Thursday, September 03, 2009

Kennedy Candor

“Atonement is a process that never ends,” Ted Kennedy writes in his memoir, confronting the shame shadowing his life that was avoided in a weekend of tributes--the death of a young woman at Chappaquiddick.

In a preview of the 532-page volume to be published later this month, the New York Times discloses that Kennedy "called his behavior after the 1969 car accident that killed Mary Jo Kopechne 'inexcusable' and said the events might have shortened the life of his ailing father, Joseph P. Kennedy.

"In that book, 'True Compass,' Mr. Kennedy said he was dazed, afraid and panicked in the minutes and hours after he drove off a bridge on Chappaquiddick Island with Ms. Kopechne as his passenger.

"The senator, who left the scene and did not report the accident to the police until after her body was found the next day, admitted in the memoir that he had 'made terrible decisions' at Chappaquiddick."

Such candor has not been typical of the Kennedys, who fought fiercely to protect their family myth over decades. That's underscored in this month's Vanity Fair story of how Jacqueline Kennedy commissioned William Manchester's book about JFK's assassination, "Death of a President," and then went to court to force him to cut parts of it that family advisers (she herself couldn't bear to read it) deemed personally or politically incorrect.

During that period, I published excerpts from a light-hearted book by Red Fay, a college friend of JFK's who had been his Undersecretary of the Navy. After strong-arming the publisher into cutting dozens of such harmless revelations as two-year-old John Jr. splashing his father at poolside and calling him "poo-poo head," Robert Kennedy solemnly thanked me for going along to "protect the children."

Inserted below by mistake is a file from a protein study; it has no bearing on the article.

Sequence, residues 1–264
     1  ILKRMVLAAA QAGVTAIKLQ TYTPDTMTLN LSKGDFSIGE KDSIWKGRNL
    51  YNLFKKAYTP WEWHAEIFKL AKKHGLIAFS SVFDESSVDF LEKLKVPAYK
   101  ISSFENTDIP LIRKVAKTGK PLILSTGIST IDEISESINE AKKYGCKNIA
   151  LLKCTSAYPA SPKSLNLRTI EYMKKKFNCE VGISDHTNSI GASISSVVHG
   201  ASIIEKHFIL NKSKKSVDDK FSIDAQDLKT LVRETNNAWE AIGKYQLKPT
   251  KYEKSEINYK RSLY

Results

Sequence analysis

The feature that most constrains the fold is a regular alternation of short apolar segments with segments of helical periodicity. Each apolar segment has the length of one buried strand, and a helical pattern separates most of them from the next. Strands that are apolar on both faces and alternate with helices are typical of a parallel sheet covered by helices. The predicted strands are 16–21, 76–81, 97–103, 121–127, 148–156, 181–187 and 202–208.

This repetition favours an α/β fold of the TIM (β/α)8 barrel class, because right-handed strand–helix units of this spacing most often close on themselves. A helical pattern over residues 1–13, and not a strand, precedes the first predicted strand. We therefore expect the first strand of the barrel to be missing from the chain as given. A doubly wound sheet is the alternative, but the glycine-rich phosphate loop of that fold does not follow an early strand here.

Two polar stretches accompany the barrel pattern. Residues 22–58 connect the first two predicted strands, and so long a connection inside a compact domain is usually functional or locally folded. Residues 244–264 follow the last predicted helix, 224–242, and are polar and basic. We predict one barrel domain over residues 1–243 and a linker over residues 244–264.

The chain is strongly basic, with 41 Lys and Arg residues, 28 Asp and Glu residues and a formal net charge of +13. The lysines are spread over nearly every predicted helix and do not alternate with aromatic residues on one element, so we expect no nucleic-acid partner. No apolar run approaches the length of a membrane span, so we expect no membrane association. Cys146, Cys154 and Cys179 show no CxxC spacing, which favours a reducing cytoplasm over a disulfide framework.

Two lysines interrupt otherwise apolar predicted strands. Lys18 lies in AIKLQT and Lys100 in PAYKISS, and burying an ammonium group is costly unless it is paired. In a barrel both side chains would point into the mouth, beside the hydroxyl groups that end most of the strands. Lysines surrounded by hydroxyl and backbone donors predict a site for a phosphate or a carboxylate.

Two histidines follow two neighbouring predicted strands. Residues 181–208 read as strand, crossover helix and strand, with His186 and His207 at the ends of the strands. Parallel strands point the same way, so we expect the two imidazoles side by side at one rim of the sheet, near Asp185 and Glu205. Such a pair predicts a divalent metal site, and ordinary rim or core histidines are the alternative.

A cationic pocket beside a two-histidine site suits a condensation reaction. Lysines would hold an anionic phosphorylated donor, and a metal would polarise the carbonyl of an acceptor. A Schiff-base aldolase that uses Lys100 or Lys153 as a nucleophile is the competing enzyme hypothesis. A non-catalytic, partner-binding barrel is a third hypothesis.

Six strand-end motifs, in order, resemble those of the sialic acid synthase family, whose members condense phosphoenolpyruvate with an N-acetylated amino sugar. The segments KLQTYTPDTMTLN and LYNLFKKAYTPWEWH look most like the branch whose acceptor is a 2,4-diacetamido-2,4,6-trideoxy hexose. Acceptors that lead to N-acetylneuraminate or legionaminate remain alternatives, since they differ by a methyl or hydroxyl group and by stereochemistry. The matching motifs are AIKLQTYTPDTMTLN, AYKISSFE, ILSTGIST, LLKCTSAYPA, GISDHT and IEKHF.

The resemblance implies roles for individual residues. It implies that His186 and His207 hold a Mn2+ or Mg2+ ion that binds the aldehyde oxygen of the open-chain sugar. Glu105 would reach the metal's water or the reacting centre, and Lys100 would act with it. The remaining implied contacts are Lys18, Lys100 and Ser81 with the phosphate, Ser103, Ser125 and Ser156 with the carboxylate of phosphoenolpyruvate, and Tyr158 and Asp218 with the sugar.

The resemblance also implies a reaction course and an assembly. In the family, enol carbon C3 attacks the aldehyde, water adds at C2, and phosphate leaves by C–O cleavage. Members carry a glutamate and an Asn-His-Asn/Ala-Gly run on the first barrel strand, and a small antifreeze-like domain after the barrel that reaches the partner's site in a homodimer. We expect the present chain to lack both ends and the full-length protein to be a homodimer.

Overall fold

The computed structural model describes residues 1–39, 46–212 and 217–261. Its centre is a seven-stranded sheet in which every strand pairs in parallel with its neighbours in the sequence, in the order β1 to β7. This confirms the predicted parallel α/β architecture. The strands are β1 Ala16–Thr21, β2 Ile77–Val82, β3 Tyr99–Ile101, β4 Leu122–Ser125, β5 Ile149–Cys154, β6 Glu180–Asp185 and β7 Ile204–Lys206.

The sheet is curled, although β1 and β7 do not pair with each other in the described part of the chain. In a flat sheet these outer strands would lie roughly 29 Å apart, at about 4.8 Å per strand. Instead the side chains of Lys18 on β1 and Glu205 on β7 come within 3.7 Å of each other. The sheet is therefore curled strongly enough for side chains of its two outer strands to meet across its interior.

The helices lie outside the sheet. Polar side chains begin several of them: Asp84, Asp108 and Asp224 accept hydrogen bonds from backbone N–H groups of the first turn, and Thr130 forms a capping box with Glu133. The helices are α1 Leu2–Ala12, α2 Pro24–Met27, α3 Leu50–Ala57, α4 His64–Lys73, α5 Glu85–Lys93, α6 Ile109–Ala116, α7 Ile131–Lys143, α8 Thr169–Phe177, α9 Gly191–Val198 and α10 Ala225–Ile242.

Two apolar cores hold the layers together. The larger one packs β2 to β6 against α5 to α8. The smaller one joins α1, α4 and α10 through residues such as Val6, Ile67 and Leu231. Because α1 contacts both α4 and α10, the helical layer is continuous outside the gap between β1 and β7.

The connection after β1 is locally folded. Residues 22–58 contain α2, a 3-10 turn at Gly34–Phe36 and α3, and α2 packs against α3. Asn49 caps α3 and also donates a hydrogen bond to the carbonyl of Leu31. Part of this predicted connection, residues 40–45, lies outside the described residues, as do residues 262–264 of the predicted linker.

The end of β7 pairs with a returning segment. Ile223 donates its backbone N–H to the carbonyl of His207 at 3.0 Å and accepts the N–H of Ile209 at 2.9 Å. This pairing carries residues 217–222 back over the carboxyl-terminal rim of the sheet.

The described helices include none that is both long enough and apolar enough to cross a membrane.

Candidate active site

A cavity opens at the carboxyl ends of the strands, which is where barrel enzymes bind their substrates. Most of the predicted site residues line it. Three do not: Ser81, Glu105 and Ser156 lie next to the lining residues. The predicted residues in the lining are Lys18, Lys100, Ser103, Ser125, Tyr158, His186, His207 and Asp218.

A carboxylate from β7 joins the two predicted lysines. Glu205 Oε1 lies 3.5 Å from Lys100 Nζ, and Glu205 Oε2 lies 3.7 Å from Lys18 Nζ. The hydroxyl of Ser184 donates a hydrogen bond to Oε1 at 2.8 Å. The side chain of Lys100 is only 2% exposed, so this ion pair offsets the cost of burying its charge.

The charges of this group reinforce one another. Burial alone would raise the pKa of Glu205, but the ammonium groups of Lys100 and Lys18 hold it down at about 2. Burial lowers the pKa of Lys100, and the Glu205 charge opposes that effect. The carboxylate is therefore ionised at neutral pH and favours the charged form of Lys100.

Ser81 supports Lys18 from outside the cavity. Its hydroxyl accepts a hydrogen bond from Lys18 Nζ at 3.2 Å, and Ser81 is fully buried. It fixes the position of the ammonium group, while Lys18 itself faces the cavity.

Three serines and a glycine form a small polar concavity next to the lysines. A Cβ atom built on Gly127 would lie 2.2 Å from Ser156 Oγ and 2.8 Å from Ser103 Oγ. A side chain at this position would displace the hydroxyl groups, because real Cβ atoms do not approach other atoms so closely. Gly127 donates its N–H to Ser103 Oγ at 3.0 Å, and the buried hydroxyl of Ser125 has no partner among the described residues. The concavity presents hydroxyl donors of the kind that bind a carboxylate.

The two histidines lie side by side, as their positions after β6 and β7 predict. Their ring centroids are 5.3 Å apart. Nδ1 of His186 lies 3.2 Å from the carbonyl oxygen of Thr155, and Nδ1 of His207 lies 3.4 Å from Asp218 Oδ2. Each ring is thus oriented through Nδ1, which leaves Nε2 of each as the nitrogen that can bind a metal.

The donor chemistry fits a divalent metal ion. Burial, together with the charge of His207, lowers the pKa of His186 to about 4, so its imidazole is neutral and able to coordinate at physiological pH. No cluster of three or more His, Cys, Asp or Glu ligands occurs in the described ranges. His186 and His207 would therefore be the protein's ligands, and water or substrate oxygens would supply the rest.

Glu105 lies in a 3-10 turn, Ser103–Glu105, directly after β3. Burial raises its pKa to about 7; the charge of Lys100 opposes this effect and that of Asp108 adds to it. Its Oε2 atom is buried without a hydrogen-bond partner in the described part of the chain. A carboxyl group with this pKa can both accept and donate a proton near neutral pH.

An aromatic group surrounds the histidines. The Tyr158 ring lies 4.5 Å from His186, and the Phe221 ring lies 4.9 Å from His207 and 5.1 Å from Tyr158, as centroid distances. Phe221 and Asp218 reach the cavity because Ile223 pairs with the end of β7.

In the 21st century, such control is long-gone. In its account of the Ted Kennedy memoir, the Times notes, "The book does not shy from the accident, or from some other less savory aspects of the senator’s life, including a notorious 1991 drinking episode in Palm Beach, Fla., or the years of heavy drinking and women-chasing that followed his 1982 divorce from his first wife, Joan."

The last of the Kennedy brothers lived long enough to learn that the public now insists on seeing its heroes in the full, warts and all.


Fuzzy Slippers said...

Great post! I do miss the days when we were more respectful of others' privacy and not so eager to dig through their dirty laundry and pick at their scabs, but as you say, they are long gone, and Senator Kennedy recognized that.

Tim Fleming said...

The Truman quote is what drew me to your blog, for this is the premise of my novel of historical fiction. The history Americans don't know will doom all of us.

Tim Fleming